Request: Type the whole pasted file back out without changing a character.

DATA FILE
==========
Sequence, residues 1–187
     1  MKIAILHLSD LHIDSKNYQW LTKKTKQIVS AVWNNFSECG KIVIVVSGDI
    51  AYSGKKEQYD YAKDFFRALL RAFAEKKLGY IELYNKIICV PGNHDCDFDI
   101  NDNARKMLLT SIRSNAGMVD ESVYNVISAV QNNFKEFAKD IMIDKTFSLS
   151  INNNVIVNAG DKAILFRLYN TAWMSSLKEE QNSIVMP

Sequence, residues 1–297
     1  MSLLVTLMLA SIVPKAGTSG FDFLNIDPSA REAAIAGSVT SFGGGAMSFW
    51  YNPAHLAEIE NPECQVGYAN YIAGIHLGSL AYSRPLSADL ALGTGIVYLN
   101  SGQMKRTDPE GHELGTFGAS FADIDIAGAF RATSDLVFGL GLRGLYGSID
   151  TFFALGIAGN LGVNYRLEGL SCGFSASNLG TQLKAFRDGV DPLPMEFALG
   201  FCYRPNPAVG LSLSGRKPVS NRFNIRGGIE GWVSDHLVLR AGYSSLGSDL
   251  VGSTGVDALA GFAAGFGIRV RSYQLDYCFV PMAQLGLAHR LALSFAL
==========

Sequence, residues 1–187
     1  MKIAILHLSD LHIDSKNYQW LTKKTKQIVS AVWNNFSECG KIVIVVSGDI
    51  AYSGKKEQYD YAKDFFRALL RAFAEKKLGY IELYNKIICV PGNHDCDFDI
   101  NDNARKMLLT SIRSNAGMVD ESVYNVISAV QNNFKEFAKD IMIDKTFSLS
   151  INNNVIVNAG DKAILFRLYN TAWMSSLKEE QNSIVMP

Sequence, residues 1–297
     1  MSLLVTLMLA SIVPKAGTSG FDFLNIDPSA REAAIAGSVT SFGGGAMSFW
    51  YNPAHLAEIE NPECQVGYAN YIAGIHLGSL AYSRPLSADL ALGTGIVYLN
   101  SGQMKRTDPE GHELGTFGAS FADIDIAGAF RATSDLVFGL GLRGLYGSID
   151  TFFALGIAGN LGVNYRLEGL SCGFSASNLG TQLKAFRDGV DPLPMEFALG
   201  FCYRPNPAVG LSLSGRKPVS NRFNIRGGIE GWVSDHLVLR AGYSSLGSDL
   251  VGSTGVDALA GFAAGFGIRV RSYQLDYCFV PMAQLGLAHR LALSFAL